We have nothing to fear from running our own trade policy

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This article was first published on CapX.

Theresa May’s visit to India earlier this month was overshadowed by the issue of visas. The Indian government proved to be particularly interested in the loosening of restrictions on British visas for Indian professionals and students. One of Narendra Modi’s former advisors described Britain’s stance, somewhat unfairly, as: “We want your business, but we don’t want your people.”

Given this attitude, and with EU leaders insisting on freedom of movement as a necessary consequence of our retaining various aspects of the Single Market, it would be easy to conclude Britain is in a vulnerable position going into international trade negotiations. Do we have nothing else to offer apart from the right for their citizens to migrate here?

But the facts do not justify these worries. Other countries most certainly do want our business. Governments around the world have expressed interest in securing free-trade agreements with post-Brexit Britain, including Canada, Australia, Donald Trump’s administration-in-waiting in the United States – and, of course, India. They do so not out of any sentimental loyalty, and not because they just want to facilitate their citizens’ migration to Britain. They recognise the ability to trade freely with Britain is an attractive prospect for their economies.

India is interested in loosening British visa restrictions not because they are seeking a substitute for our business, but because they want our business and want to enhance free trade. Visa reforms are a perfectly normal aspect of free-trade negotiations. Short-term, visa-free travel to Canada for Romanians and Bulgarians was briefly a sticking point in the CETA negotiations earlier this year, for example – and nobody would say Canada is so vulnerable it can only offer expanded migration rights in exchange for EU business.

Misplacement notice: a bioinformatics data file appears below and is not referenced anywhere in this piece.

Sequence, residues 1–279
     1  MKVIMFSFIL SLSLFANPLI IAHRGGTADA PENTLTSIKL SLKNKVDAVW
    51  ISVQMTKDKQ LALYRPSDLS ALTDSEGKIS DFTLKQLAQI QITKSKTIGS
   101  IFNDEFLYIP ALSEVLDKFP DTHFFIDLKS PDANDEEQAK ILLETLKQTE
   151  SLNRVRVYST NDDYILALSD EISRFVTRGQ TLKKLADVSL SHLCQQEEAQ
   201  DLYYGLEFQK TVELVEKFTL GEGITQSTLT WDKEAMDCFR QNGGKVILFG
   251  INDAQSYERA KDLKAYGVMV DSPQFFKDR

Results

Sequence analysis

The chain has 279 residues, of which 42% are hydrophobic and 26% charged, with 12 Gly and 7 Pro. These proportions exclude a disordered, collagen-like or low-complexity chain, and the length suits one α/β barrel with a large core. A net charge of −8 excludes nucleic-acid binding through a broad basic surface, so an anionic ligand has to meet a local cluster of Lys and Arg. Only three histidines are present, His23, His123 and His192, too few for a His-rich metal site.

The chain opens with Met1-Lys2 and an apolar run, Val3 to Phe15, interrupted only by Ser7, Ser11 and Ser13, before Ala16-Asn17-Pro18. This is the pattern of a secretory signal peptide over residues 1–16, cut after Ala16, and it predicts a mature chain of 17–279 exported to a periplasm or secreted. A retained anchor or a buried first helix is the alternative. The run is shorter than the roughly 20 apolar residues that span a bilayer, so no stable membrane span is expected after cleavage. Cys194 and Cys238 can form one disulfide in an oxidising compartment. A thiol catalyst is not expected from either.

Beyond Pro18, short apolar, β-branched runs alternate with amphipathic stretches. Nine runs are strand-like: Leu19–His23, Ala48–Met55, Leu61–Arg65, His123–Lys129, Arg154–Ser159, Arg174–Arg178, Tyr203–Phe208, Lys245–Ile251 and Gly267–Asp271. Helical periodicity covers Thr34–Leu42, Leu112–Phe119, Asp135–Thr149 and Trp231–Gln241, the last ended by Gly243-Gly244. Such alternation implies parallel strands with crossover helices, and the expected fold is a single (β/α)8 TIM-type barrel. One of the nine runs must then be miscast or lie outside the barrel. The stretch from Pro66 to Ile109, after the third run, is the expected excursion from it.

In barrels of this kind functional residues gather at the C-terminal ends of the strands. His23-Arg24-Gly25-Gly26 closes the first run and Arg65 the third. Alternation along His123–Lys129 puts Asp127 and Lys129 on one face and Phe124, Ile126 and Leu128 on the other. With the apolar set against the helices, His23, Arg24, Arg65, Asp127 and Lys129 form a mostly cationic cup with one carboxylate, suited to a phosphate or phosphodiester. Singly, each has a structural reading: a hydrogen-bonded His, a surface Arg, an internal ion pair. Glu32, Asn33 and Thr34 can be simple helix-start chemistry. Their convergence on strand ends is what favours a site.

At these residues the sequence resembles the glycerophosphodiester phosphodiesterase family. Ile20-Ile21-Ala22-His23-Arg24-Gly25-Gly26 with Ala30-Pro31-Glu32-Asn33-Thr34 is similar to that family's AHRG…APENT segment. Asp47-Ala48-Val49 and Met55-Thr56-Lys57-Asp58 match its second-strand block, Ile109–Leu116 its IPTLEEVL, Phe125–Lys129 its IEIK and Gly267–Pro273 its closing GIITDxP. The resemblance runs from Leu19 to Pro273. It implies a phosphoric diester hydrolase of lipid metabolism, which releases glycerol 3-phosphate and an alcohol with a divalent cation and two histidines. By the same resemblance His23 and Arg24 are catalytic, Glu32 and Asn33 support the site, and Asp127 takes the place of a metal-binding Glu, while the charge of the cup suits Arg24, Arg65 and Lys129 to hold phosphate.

The rest of the world’s interest in free trade with Britain should come as no surprise. As keen as we are to call ourselves a “small island”, we are historically a global trading nation. We are still the world’s 5th largest economy – a wealthy market of over 64 million consumers. We are the world’s 6th biggest importer and 9th biggest exporter. Theresa May has pledged to make our Corporation Tax rate the lowest in the G20. We rank 3rd in the world in the Global Innovation Index for 2016, and 7th in the Ease of Doing Business Index for 2017.

Other countries have every incentive to seek greater access to the British market. They should also welcome the prospect of Britain having greater access to their own markets. While it might be more difficult to think of one particular product Britain has to sell to potential trade partners than it is for Germany (cars), Norway (oil), or Australia (coal and iron ore), we should not consider this a weakness.

In fact, it testifies to the diversity of our export economy, which is a strength. We do have many big net exports – they are mostly in less obvious, but nonetheless very lucrative, service industries, such as banking and insurance.

Potential free-trade partners have an interest in buying these services from Britain, rather than, say, attempting to create replicas of the City of London at home. The age-old principle of comparative advantage states that each country benefits more from focusing on what it does more efficiently. So it would suit Australia to focus on mining while using British financial services.

We should not be disheartened by the inevitable “prophecies of doom” whenever preliminary trade talks go anything other than swimmingly. We are not a vulnerable basket-case, casting around for the rest of the world to save us as we shed the straitjacket of the European Union.

Britain isn’t seen simply as a destination for future “expats”. We have plenty to offer, and our negotiating position in global trade negotiations would be strong.

The Government must act accordingly. Theresa May knows we have nothing to fear from running our own trade policy – we should immediately commit to leaving the EU’s ineffective and restrictive Customs Union.

In committing to doing so, the Government would finally confirm that Britain would actually be able to enter into free-trade agreements with potential partners after Brexit. With the removal of such uncertainty, the Government can begin to seriously pursue trade negotiations around the world, and take an assertive stance in those talks.

We should aim to strike comprehensive free-trade deals which would come into force as soon as possible after Brexit – on the very day we leave, if possible. There is no reason for us to undersell ourselves, and there is no reason to delay.

We must get Britain out of the European Union, and give ourselves a head start in seizing the worldwide trading opportunities made possible by Brexit.

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